Tips for involving others in your default prevention efforts

Submitted by: Shannon Cross, USA Funds account executive
1. The more people you involve, the greater the chance your efforts will succeed.
Default prevention programs initiated by one person or one office will sometimes work, but collaborative initiatives among representatives from different areas of the school — not just financial aid — will be more effective. Look around your school and talk to key departments, such as admissions, orientation, faculty and student affairs, to identify who the stakeholders are and who is likely to contribute positively to the efforts.

2. Build some excitement around this idea at the institutional level and, while you are at it, build consensus, too.
The goal here is to educate the team on why default prevention matters:
• Share information on your school’s historical cohort default rate (CDR) performance and estimates of its potential future CDR. Explain what that means for the school.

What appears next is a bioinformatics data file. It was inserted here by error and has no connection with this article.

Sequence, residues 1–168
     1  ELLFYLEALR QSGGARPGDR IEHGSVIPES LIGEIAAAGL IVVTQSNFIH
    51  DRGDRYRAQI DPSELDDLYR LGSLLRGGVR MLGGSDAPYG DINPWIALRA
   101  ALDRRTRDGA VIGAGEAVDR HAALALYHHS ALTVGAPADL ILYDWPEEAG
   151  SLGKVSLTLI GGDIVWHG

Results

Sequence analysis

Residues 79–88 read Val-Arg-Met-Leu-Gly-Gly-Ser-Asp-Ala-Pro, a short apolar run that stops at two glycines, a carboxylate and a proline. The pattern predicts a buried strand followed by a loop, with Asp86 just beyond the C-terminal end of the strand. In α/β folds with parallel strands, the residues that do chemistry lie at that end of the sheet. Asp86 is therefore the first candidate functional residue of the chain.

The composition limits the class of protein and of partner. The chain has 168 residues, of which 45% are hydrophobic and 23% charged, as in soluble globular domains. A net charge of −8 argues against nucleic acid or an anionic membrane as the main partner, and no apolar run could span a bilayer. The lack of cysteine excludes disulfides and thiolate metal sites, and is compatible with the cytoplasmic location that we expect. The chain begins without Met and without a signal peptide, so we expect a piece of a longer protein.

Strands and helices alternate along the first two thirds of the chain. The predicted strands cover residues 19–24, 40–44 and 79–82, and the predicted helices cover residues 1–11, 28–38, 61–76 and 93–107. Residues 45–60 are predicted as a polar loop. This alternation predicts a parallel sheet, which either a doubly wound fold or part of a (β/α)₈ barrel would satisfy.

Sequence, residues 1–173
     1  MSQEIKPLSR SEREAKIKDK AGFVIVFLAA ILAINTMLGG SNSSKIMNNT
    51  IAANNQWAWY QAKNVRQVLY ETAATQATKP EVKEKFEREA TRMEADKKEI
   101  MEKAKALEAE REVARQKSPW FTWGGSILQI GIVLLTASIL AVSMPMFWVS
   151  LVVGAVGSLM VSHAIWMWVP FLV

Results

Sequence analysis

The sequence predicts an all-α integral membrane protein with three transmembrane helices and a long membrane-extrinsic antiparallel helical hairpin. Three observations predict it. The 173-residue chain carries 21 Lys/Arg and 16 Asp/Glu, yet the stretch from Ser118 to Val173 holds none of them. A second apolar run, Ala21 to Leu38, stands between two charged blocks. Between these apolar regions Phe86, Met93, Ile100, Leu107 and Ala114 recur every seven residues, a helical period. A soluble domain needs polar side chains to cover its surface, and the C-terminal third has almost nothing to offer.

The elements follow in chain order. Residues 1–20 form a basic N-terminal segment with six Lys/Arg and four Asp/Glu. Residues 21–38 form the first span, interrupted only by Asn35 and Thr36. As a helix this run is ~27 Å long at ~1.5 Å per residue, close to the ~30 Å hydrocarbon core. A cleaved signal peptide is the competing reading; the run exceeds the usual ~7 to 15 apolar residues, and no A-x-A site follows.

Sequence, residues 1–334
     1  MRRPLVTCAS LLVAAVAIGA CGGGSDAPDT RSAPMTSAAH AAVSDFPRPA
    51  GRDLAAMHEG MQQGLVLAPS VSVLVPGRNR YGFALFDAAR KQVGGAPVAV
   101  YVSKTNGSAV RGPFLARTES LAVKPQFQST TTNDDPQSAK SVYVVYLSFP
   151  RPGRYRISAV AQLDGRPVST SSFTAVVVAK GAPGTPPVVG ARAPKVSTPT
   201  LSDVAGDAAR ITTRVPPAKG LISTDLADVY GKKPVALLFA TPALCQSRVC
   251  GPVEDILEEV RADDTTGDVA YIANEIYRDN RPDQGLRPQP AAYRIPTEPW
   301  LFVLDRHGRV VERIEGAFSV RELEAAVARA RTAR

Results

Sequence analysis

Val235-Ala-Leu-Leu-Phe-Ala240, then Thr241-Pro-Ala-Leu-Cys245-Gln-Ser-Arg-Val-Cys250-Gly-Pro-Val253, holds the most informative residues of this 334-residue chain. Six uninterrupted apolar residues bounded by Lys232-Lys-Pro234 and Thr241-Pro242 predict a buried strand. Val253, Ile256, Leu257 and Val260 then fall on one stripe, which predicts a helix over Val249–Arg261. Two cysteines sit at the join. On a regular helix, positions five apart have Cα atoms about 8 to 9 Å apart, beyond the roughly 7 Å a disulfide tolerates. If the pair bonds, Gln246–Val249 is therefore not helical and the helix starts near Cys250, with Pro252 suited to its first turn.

• Gather specific student stories to help make the focus on student success more relevant and compelling.
• Help your colleagues identify what is in it for them: increased enrollment, decreased withdrawals, better retention and completion rates, continued access to federal financial aid and, most importantly, successful alumni.

3. Explain the link to retention.
Historically, the majority of borrowers who default are those who withdrew from school without completing their academic programs. And in most cases, these students withdrew within the first three terms. Describe this correlation between loan default and lack of program completion with your colleagues. Ask if other people at your school are concerned about keeping students enrolled, and brainstorm together about what could help make a difference.

Have you done anything to involve your colleagues in default prevention that has particularly resonated?